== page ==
In the business world today, college graduates are frightful to enter the workforce because they are convinced that their knowledge and degree will never land them a job good enough to pay off their tuition debt. As of late, executives who are looking to hire this bright new knowledge are claiming that they are unable to find applicants who are qualified for the position they seek. When one tries to uncover this paradox of linking those who need work to those who need workers, one will find that there is a divide that is weakening the success of both aspects.
An Economics graduate from the University of North Carolina stated that although they graduated with a 3.6 G.P.A and degree for a major that was high in demand, they believe that the bashing of their generation will never end causing employers to believe that they will never be able to add value to the company. Looking from a different perspective, a large majority of C.E.Os of companies are backing up their hiring decisions in regards to recent graduates by stating that these recent graduates lack the skills and discipline required in the workplace. A main cause of this is that young employees come into a new job believing that they are automatically entitled to a promotion before mastering the assigned tasks for the position in which they started. Executives are trying to encourage young hires that rotating through departments and letting the managers monitor their progress step by step will let them prove their abilities. Managers, executives, and CEOs who are hiring are warning recent college graduates that training programs will only recruit applicants will immediately applicable skills due to the fact that they no longer have time to hire bench strength.
The dilemma of hiring new college graduates proves that management operations is changing up the game. The basic management functions of planning, organizing, staffing, leading, and controlling will no longer apply to the recent college graduates unless they are truly ready to work from the bottom to the top. If we go by the textbook, staffing is performed effectively by following proper recruitment procedures and then selecting the candidate that is most qualified in meeting all the job requirements. The major ethical decision I contemplated while reading this article is whether this treatment is fair for the recent college graduates. If one is over-qualified for an entry position within a company should they be forced to rotate through departments being encouraged by employers to learn knowledge in which they have already acquired?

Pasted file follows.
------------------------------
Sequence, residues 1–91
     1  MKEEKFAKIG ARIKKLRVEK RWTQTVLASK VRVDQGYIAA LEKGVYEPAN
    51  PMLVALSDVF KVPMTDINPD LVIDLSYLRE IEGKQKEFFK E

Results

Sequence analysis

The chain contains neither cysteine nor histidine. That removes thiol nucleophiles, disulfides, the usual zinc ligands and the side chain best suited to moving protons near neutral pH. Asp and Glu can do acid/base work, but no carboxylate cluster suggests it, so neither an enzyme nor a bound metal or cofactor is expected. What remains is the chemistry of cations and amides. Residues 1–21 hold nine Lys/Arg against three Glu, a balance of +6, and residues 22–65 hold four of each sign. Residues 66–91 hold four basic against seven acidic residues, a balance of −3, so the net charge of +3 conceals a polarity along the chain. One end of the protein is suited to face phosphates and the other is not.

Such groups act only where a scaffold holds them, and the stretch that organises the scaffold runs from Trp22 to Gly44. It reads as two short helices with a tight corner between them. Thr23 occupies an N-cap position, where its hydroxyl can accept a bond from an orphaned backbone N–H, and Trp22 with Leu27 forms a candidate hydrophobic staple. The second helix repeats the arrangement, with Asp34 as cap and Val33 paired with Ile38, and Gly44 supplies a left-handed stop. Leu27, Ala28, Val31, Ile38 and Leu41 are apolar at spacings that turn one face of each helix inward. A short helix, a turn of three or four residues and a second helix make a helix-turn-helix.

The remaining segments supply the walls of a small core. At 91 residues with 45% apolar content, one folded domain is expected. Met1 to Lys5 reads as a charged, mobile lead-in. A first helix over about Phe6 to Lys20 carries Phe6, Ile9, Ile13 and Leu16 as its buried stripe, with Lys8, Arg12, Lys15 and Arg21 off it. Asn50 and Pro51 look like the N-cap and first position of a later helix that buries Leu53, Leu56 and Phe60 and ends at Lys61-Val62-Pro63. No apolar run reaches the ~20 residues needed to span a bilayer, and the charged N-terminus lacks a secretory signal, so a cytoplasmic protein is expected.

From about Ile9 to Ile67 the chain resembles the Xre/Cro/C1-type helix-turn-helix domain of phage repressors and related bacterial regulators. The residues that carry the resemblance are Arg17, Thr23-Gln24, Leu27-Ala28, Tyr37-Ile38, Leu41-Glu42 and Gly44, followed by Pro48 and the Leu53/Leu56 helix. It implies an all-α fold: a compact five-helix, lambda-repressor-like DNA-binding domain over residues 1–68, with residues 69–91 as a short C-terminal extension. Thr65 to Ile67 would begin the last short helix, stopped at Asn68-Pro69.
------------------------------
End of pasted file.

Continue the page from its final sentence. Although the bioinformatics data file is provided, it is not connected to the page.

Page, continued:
Have any of you ever heard of a little thursday party called, “Recess?”
For those of you who have not, I will quickly give you an idea of what this party is. Recess takes place at a small venue known as Barn & Company (on the corner of Sheffield and Wrightwood). It is labeled simply as, “the party,” because that is what is it is – a party. Myself along with a few other young gentlemen began Recess just a few short weeks ago; however, it has been growing and growing each and every week. This particular event is no where near the size of a nation wide music festival, yet it requires just as rigorous planning.
Every thursday night there is a standard that needs to be met. This standard would fall apart if proper planning was not set into motion during the weeks prior. Planning, scheduling, and controlling are three crucial aspects in this process. When I sit down with my partners and discuss each week, we first begin by planning. This included assigning specifics roles to each individual involved, and setting goals (such as how many people we aim to have come out to the event). After this takes place, we then schedule. We write out a list of deadlines that we hold ourselves and each other accountable for meeting each week. For example, this past week we decided to bring confetti cannons to the bar – something to add a little extra kick. My partner, Max, was assigned the task of getting the confetti cannons. He was given a specific amount of money, of which we budgeted throughout the planning process, and was to purchase the confetti canons by a designated date. He carried this task out successfully (if you were wondering). Following all of this, we began the controlling phase. This also included monitoring budgets. Money was initially allocated to each individual for supplies, and the supplies purchased by that individual had to fit within the budgetary restrictions.